It was a moment of weakness in an otherwise strong summer. Shawne Merriman(notes) was trolling the Internet and came across a list that had been floating around – a ranking of the NFL's best linebackers – and couldn't believe how far his retinas had to drop to get to his own name.
These are the moments that most fans don't see in an offseason of recuperative torment, when NFL players reconstruct their bodies and fight through doubt, all in hopes of recapturing – or even exceeding – what they once were. So in this particular instance, Merriman figured he deserved a little slack. If he were to give you his mission statement, 2009 is all about the here and now, and showing rather than talking. But roughly nine months after surgery on his left posterior cruciate and lateral collateral ligaments, he was incredulous. Twelfth?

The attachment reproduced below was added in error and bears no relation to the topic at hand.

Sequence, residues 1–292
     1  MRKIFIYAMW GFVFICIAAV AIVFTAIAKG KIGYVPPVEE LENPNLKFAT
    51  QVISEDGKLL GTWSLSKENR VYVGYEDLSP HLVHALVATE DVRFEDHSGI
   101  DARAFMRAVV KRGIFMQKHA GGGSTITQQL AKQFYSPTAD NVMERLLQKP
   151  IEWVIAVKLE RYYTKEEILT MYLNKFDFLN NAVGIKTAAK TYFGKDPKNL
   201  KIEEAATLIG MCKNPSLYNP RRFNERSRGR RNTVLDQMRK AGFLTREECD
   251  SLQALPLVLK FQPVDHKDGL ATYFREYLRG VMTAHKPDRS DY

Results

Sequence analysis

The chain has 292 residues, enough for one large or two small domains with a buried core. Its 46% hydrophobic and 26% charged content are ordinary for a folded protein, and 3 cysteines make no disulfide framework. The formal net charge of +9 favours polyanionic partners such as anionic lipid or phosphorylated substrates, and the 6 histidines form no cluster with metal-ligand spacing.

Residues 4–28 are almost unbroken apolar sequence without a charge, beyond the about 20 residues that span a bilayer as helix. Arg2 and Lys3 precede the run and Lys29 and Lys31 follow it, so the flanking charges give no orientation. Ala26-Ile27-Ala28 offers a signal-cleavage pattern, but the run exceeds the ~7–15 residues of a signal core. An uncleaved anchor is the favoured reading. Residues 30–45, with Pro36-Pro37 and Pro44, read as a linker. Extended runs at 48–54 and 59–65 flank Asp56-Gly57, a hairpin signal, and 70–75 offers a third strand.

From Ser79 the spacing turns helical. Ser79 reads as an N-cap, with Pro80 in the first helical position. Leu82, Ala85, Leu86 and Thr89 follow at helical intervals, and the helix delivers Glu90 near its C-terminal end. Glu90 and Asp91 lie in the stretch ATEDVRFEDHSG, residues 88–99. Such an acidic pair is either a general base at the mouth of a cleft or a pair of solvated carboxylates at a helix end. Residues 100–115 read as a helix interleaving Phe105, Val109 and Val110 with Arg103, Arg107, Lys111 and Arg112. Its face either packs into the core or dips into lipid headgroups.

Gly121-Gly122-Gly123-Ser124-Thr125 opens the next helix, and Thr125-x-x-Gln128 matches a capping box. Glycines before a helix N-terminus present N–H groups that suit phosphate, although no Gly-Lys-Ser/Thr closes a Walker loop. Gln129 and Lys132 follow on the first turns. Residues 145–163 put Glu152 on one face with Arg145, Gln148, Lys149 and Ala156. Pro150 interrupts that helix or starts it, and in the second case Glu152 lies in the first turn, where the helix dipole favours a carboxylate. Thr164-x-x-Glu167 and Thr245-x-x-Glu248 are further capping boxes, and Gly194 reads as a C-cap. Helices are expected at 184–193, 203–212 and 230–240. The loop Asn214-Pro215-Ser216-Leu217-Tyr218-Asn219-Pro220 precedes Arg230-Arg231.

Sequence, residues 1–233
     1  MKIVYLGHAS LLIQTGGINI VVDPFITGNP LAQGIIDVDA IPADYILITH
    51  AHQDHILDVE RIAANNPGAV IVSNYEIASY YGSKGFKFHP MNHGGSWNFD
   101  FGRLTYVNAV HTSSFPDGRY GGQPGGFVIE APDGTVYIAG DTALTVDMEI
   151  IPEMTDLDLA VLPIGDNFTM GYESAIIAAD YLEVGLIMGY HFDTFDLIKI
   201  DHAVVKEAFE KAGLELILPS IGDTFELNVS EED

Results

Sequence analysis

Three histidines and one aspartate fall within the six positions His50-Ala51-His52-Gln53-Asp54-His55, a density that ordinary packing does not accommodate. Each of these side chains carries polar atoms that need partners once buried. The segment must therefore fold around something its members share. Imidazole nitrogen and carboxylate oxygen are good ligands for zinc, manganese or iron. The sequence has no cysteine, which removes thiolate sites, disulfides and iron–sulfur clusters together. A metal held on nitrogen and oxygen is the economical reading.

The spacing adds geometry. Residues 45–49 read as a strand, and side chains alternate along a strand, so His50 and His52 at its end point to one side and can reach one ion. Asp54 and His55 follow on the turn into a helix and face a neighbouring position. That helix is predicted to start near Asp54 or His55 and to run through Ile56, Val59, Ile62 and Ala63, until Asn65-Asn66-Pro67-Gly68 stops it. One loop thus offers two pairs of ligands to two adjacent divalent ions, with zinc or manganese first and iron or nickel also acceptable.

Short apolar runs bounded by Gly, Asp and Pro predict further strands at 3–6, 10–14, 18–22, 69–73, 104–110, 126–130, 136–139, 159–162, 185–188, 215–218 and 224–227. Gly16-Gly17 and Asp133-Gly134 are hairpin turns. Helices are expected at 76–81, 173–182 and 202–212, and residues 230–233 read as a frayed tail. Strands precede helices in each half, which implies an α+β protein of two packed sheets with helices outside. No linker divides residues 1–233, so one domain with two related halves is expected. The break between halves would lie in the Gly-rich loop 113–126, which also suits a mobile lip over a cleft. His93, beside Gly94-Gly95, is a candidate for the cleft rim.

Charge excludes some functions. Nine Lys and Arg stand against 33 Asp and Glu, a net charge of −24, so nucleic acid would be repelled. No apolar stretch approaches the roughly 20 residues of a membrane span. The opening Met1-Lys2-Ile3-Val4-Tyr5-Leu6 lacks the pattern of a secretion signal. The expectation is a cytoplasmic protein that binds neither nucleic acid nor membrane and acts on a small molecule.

"I was pissed off," Merriman recalled. "I'm sitting there like, 'Hold on, there are 11 guys in the league better than me? When did this happen?' I know I didn't play for a year, but I didn't know I had that much of a drop-off."
Make no mistake, the three-time All-Pro is no fool. He knows better than to react to every backhanded swipe – every little whisper suggesting that maybe the guy with 41½ sacks in his first three seasons (including playoff appearances) was poised for a fall from grace.
But it's hard to ignore all of it – particularly when the upcoming season represents a crossroads of sorts for Merriman.